Cyrille Regis tribute: How West Brom hero changed football | Football | Sport

It’s hard to imagine just how far English football has come since those dark ages. But make no mistake – much of that progress is down to the path ploughed by one of football’s original and much-loved ‘Three Degrees’.

The world of football joined together to pay tribute to Regis yesterday after the shock news of his death from heart failure at just 59.

Little wonder, because the powerhouse former West Brom, Coventry and Aston Villa striker was a pioneer whose contribution to the game will live on forever.

It was the late Seventies when Regis exploded on the scene with Brendon Batson and close pal Laurie Cunningham, their appearance in the same Baggies side a national talking point.

The Three Degrees had arrived and they were to make sweet music as they helped sweep West Brom to third in the league and into the quarter-finals of the UEFA Cup.

At that time, there was only one other black player in the First Division – Viv Anderson at Nottingham Forest.

Devastated – my hero, my pioneer, the man behind the reason I wanted to play football has passed away. My heart goes out to all his family

Manchester United legend Andrew Cole

Regis was cool with his swashbuckling style, a footballing John Shaft who gave young black footballers a hero to pin their dreams on. He even appeared on the front cover of iconic music magazine NME.

Former Manchester United and England forward Andrew Cole tweeted yesterday: “Devastated – my hero, my pioneer, the man behind the reason I wanted to play football has passed away. My heart goes out to all his family.”

Regis, who went on to win five England caps, recalled that news of his first call-up in 1982 was not met with wholesale approval.

“In your head it made you angry – I mean calling you n****r, throwing bananas,” he remembered. 

“The worst for me was getting my first England cap and receiving a bullet through the post saying, ‘If you put your foot on our Wembley turf, you’ll get one of these for your knees’.”

He used his anger as fuel on the pitch. Built like a tank, when Regis burst through the middle, defenders seemed to bounce off him.

Cyrille Regis changed the game forever GETTY

Cyrille Regis changed the game forever

“Your armoury is your talent and a very good side,” he once said. “The more you shout at me, the more I get angrier, the better I play. Come give it to me.”

Broadcaster and West Brom fan Adrian Chiles praised the way in which Regis dealt with racism.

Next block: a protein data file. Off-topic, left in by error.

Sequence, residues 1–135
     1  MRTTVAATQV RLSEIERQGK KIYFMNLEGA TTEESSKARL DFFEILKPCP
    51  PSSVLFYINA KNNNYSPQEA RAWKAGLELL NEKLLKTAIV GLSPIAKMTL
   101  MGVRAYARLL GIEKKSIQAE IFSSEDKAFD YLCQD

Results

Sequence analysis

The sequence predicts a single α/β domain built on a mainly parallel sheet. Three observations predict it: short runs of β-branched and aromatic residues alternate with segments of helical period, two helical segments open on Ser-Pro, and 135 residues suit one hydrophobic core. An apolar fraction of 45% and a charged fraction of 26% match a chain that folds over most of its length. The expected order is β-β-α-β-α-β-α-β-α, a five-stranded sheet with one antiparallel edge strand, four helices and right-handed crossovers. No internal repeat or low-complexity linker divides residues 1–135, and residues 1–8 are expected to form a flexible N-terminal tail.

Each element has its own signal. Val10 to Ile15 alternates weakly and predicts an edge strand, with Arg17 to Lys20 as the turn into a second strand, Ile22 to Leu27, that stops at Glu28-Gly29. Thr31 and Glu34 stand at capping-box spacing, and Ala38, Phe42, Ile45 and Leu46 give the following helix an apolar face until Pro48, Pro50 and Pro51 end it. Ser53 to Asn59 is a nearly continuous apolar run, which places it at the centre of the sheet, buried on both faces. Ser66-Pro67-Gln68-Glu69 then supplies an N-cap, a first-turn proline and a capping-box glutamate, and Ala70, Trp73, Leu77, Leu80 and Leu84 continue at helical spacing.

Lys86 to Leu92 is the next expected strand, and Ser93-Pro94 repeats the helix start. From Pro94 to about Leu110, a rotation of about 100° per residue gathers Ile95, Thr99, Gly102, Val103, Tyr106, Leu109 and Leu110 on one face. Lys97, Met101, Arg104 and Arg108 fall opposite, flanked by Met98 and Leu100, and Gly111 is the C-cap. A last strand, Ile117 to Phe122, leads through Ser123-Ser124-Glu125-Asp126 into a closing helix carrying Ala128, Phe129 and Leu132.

“I was privileged to get to know him as a friend and he just didn’t carry anger with him from that time,” said Chiles.

“Ian Wright, from a later generation of black players, said, ‘We were like Malcolm X…but Cyrille was like Martin Luther King’. Cyrille was always turning the other cheek.

“They did so much for the game and so much for the cause of black footballers.”

West Brom took a risk in signing Regis from non-League Hayes for £5,000 in May 1977, and it was richly rewarded as he scored 112 goals in 297 appearances.

Current Baggies chairman John Williams said: “Everyone will have their precious memories of him as a family man, as a crusader against bigotry – which can never be underestimated – and as a man who threw considerable energy into a series of worthy causes.

Cyrille Regis made a name for himself at West Brom GETTY

Cyrille Regis made a name for himself at West Brom

“But for me, I will never forget Cyrille the footballer – a wonderful, wonderful player who had everything, and who defenders of the time would have hated facing.”

He moved to Coventry for £250,000 in 1984 and lifted the FA Cup in 1987, earning himself a place in the folklore of another club.

John Sillett, Coventry manager at the time, said: “He was a gentle giant. You could not wish for a better team player than Cyrille.

“He was a majestic player on the ball, he had great vision, good touch and strength, unbelievable pace off the mark. A powerful, powerful player and he was so proud when England picked him.

“He loved his country, he loved his football and he loved his team-mates. He was so popular with everybody.”

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